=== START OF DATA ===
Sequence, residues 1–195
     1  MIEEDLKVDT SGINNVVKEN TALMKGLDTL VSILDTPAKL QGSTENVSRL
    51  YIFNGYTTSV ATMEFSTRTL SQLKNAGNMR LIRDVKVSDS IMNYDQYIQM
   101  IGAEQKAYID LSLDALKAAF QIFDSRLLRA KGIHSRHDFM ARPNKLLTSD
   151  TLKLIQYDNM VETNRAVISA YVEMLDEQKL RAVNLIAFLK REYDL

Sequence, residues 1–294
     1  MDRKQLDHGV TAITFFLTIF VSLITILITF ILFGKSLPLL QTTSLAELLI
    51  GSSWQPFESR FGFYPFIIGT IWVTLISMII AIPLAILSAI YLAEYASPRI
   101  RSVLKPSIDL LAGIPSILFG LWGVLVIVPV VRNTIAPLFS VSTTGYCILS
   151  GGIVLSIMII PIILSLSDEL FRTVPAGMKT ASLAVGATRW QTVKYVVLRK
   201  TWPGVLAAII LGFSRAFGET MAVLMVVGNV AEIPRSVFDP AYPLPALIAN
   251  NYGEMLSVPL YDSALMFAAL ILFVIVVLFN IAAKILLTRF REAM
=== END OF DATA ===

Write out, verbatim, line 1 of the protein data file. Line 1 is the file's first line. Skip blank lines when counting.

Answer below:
Sequence, residues 1–195